hidden slot?

Discussion in 'Trumpet Discussion' started by ltg_trumpet, Jun 19, 2009.

  1. mkmtrumpeter

    mkmtrumpeter New Friend

    46
    0
    Jun 17, 2009
    Colorado
    Following the overtone series, that partial is a Bb. I suppose if you adjusted your slides, it could be an A, but it you're using a different fingering then it's not a part of that overtone series anymore. Usually when I play an A above staff I find it helps to use third valve to bring it down a tad and I find it slots a lot better for me... but I digress. It's a flat Bb when played open.
     
  2. ComeBackKid

    ComeBackKid Fortissimo User

    2,858
    68
    May 11, 2009
    Yorba Linda, CA
    OK - this discussion has raised another question about the intervals. I found a chart on the internet which shows the note name, frequency, wavelength, etc. It is based on the A4=440hz spectrum. It shows that C4 has a frequency of 261.63 and a wavelength of 51.97 inches. I had read somewhere else (can't remember where) that a Bb trumpet has an overall tube length (open valves) of 52" (51.97?). Well, at first glance, it seems to make sense that C4, being the lowest harmonic would have a wavelength equal to the length of the tubing. But, since a Bb trumpet is playing 2 semitones below the concert pitch, that means it is not really playing the C4 note that matches the tubing length. It seems like I also read that a C trumpet has a tubing length of 48" but this does not match a concert C tone either (it matches C#). So now I am really confused. Anybody know what I'm missing?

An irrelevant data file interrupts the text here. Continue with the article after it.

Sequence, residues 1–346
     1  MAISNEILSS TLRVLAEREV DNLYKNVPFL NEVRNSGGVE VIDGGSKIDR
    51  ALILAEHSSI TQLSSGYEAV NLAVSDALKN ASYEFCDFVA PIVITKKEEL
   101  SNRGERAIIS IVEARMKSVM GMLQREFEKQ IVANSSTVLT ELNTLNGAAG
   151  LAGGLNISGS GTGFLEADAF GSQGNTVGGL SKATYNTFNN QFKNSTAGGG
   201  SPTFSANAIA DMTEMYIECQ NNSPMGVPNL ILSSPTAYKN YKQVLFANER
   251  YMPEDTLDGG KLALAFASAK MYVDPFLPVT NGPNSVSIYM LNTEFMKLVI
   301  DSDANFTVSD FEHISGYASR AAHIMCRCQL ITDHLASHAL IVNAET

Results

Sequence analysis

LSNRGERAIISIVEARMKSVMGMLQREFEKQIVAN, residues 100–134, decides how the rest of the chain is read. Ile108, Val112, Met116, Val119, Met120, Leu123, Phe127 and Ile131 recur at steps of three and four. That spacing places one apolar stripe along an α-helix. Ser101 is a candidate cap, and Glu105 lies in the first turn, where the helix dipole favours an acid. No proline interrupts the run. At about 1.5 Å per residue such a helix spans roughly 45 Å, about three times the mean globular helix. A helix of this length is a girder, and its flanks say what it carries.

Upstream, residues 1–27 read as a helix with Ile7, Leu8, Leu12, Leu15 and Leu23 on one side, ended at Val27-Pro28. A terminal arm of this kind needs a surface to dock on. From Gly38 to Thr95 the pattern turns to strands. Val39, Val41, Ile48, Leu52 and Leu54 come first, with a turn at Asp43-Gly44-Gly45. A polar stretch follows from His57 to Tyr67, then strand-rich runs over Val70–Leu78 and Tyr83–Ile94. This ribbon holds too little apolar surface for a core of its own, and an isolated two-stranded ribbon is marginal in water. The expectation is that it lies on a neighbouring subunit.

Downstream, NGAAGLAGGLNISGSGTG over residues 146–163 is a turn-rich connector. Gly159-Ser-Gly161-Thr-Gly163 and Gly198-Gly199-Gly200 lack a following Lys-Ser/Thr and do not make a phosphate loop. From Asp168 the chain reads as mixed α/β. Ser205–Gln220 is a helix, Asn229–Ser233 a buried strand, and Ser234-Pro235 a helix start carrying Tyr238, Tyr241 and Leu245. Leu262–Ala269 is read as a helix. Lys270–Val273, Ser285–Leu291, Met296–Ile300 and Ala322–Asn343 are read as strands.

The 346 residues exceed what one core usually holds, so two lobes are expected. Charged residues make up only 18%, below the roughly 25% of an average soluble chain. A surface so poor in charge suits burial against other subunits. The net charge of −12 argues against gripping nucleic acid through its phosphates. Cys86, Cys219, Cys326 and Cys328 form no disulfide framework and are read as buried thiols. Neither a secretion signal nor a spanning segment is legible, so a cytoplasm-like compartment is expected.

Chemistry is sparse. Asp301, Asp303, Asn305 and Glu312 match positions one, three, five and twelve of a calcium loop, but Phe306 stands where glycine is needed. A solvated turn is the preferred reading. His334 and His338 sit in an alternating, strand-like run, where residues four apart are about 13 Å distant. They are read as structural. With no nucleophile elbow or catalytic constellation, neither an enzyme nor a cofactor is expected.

3. rowuk

    rowuk Moderator Staff Member

    Age:
    61
    16,611
    7,954
    Jun 18, 2006
    Germany
    The difference is that a trumpet is not a straight cylindrical tube.

    If you have ever blown a tone across the top of a beer bottle, you know that VOLUME has a lot to say about the resonant frequency of the instrument - drink more beer and the note gets lower. The rule is for cylinders, length is the primary consideration. For irregular shapes, volume. In a trumpet both.

    The bell also behaves differently at high and low frequencies. Buy 5 feet of 1/2 garden or aquarium hose, stick a mouthpiece in and check the intonation. You will discover that math and our ears have a different view on what is "in-tune". That is why I do not recommend electronic tuners. Add an old bell to that hose, and things get better.
     
  4. operagost

    operagost Forte User

    1,030
    543
    Jan 25, 2009
    Spring City, PA, USA
    When I drink more beer, eventually the floor gets a lot higher. :thumbsup:
     
  5. Sofus

    Sofus Forte User

    1,529
    17
    Jul 26, 2008
    Robin!

    Another question:

    We have learned that the mouthpiece end is the open end,
    and from the laws of standing waves in a tube this should
    mean that the wave pressure is low in a mouthpiece, since
    the wave pressure is low in an open end.
    Some people, who usually know what they talk about, say
    otherwise, so my question is:

    * is wave pressure low as I expect in the mp end?
    * if not, the why not?
     
    Last edited: Jul 4, 2009

Share This Page